Table Of Contents
- About the author
- About the book
- This eBook can be cited
- Chapter 1: Between Understatement and Overkill: Anna Burns’ No Bones and Little Constructions
- Chapter 2: ‘The post-past city’: Apocalyptic Cityscapes and Cultural Stagnation in the Fiction of Sean O’Reilly
- Chapter 3: Postcolonial Gothic and Body Politics in Recent Novels by Patrick McCabe
- Chapter 4: The Politics of Identity and the Language of Dissensus in Ciaran Carson’s Exchange Place
- Chapter 5: Whodunnit or Who Didn’t Do it? Authority and Poetic (In)Justice in Eoin McNamee’s The Blue Tango and Orchid Blue
- Chapter 6: Consensus and Dissensus in Fictional Representations of Working Class Protestantism and Loyalism
- Chapter 7: Aesthetics of Violence in Contemporary Irish Short Fiction
- Chapter 8: Subverting Authority or Reinforcing Convention? Garth Ennis’s Graphic Novels
- Chapter 9: Troubling Narratives of the Troubles: Commemoration, Sensationalism and Author-ity
- Series index
It is always hard to know where to start when it comes to thanking those who have contributed, whether they know it or not, to the writing of a book. The most obvious place to start in this case is with Christabel Scaife and Eamon Maher at Peter Lang who encouraged me to pursue my writing and who offered invaluable advice throughout the process.
I would also like to gratefully acknowledge the financial help and intellectual support provided by my research laboratory CECILLE EA 4074 (Université de Lille 3), without which this project could never have come to fruition.
Some of the content has appeared as chapters or articles elsewhere and I am very grateful to the editors and peer reviewers in each case for their constructive advice. The genesis of Chapter 1 can be found in ‘“The Good Terrorist(s)?” Interrogating Gender and Violence in Ann Devlin’s “Naming the Names” and Anna Burns’ No Bones,’ Estudios irlandeses, Vol. 7 2012, 69–78 and that of Chapter 2 in ‘“The post-past city”: Apocalyptic Cityscapes and Cultural Stagnation in the Fiction of Sean O’Reilly,’ Marie Mianowski (ed.), Irish Contemporary Landscapes in Literature and the Arts, Basingstoke: Palgrave Macmillan, 2012, 94–105.
Numerous colleagues have, of course, informed my thinking on the various issues raised by this volume. I would like to thank members of the Irish studies community in France and, in my own university in Lille, Catherine Maignant and Claire Dubois in particular. Outside France, too many scholars in Irish literature to name have contributed, both through intellectual discussion and their good humour, to the elaboration of various ideas explored here. Beyond Irish studies, many other colleagues have, at various times, helped me consider certain issues from different aspects: Sorcha Gunne, Zoë Brigley and Estelle Castro have been particularly helpful in this respect, as have writer and journalist Sorj Chalandon, Marta Dvořák, who supervised my PhD thesis on another subject entirely, Richard ← vii | viii → Samin, and Claire Omhovère, whose valuable comments as assessors of my PhD and much other work since then have enabled my work to mature. The students whom I have had the pleasure of teaching in the Irish studies Masters seminar in Lille, in particular Anne Duflos and Louise Henaff, have also provided interesting food for thought through their stimulating comments and observations in their own postgraduate work. I would also like to extend particular thanks to Nathalie Caleyron for so graciously allowing me to use one of her many fantastic paintings as the cover illustration for this book.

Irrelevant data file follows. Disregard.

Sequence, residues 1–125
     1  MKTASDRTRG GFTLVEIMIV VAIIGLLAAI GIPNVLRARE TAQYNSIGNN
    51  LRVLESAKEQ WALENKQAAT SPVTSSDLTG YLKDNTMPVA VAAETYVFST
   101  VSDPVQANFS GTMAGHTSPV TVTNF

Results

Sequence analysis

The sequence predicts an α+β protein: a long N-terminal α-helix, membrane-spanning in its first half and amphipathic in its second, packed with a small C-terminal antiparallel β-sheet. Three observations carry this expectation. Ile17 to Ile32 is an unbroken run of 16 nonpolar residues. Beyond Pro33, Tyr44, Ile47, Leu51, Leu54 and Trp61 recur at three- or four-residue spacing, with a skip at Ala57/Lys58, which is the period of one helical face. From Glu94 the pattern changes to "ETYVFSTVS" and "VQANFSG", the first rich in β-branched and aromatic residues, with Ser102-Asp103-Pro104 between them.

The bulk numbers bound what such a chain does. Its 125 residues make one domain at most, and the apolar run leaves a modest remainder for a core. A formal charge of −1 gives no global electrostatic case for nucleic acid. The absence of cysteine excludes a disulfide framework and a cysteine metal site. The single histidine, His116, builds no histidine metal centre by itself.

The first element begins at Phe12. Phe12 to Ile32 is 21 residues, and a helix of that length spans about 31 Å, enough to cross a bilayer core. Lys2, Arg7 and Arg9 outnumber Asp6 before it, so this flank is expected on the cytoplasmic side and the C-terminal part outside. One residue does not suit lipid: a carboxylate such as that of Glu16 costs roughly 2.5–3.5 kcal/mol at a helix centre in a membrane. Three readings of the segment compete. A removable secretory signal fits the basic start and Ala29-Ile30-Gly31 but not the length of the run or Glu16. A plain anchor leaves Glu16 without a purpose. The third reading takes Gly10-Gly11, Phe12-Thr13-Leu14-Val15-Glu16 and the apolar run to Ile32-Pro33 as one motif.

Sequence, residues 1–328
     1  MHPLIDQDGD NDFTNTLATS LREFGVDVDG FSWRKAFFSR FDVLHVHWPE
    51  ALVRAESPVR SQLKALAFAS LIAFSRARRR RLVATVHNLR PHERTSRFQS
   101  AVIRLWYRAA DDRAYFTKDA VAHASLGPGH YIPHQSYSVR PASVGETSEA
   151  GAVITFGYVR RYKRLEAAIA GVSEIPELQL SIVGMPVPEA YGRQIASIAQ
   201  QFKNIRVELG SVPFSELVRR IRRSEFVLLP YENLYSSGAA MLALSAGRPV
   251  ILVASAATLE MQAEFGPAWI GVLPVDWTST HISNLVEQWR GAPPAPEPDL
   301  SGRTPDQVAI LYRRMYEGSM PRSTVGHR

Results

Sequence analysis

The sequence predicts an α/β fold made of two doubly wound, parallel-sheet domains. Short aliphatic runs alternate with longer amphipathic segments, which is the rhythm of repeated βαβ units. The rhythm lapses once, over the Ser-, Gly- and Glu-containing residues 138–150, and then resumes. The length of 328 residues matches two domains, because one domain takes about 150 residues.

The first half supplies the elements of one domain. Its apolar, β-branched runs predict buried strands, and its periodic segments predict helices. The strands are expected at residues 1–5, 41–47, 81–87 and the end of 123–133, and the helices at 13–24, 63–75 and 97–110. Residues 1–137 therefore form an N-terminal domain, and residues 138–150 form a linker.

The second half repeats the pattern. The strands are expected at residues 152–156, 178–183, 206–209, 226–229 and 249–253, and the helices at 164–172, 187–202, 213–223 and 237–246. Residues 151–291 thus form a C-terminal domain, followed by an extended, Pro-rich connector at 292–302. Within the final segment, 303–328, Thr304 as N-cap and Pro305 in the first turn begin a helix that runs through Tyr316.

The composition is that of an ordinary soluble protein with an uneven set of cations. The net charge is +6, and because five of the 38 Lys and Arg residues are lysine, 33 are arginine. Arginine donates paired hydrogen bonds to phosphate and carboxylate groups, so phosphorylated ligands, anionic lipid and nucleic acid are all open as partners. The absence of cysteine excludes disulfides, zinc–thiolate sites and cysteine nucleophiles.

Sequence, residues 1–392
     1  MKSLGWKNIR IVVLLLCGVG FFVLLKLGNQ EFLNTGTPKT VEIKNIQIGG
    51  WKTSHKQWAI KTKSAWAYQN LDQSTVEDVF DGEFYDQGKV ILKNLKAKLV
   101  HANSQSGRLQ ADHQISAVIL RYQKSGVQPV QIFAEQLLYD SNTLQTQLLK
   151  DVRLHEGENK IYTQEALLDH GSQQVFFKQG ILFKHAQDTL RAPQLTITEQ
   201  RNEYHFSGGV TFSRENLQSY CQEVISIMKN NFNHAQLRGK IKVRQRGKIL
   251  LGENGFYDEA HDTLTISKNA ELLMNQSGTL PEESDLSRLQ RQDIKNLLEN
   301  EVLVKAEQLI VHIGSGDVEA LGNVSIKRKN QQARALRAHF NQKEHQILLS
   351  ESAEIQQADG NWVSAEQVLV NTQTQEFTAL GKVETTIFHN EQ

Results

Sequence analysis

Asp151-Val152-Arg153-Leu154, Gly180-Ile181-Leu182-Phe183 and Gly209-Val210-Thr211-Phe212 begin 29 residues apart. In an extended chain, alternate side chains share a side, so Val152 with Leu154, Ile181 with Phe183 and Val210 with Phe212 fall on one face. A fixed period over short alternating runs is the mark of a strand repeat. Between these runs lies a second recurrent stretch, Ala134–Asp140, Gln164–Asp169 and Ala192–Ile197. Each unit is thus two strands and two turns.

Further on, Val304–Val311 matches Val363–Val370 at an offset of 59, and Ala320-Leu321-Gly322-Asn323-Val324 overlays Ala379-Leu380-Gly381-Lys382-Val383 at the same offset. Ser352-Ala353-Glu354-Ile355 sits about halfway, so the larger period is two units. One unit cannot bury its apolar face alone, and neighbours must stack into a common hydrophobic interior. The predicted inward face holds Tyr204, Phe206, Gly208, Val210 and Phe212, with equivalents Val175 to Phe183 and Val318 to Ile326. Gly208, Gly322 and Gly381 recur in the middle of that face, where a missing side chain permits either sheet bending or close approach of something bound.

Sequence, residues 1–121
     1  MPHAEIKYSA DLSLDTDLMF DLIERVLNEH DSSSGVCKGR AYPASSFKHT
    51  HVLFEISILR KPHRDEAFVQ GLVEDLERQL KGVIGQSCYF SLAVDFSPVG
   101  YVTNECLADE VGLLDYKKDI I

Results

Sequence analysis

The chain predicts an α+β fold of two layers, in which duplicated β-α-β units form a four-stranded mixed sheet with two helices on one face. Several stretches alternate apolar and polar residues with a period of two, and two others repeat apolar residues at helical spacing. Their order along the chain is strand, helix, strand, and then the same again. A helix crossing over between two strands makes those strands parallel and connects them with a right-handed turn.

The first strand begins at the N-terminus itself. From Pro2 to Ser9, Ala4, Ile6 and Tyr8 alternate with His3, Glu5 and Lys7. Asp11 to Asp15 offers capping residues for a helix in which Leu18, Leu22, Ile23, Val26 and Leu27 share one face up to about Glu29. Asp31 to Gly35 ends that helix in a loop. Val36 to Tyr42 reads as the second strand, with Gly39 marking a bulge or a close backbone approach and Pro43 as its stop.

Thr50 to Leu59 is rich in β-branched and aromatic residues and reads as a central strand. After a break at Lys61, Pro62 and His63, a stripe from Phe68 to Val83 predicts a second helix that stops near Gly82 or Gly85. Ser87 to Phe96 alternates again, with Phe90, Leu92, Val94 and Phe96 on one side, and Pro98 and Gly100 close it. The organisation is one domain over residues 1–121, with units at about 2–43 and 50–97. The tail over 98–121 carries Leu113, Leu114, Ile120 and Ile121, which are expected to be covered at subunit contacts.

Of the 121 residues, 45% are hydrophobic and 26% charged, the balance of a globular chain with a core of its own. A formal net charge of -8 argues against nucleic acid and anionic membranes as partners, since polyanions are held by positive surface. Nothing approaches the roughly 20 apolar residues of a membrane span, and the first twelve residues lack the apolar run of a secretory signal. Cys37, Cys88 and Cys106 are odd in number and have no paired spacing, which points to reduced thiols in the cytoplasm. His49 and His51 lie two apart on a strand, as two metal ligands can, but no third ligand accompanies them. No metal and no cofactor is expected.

Many friends have also supported me in the writing of this book (not least in putting up with my subjecting them to endless boring rants on a subject in which few of them had any interest): Helen Ryden, Catherine McClean, Charlene Rice, Alison Cregan and Emma O’Neill (and partners!), thank you all for your patience, your amazing sense of humour and all those coffees, drinks and dinners. One dear friend and colleague has been especially present throughout the entire project, from its inception to the final draft: Alexandra Poulain, without our innumerable discussions, laughter in the TGV and your precious advice and support, this book would not exist.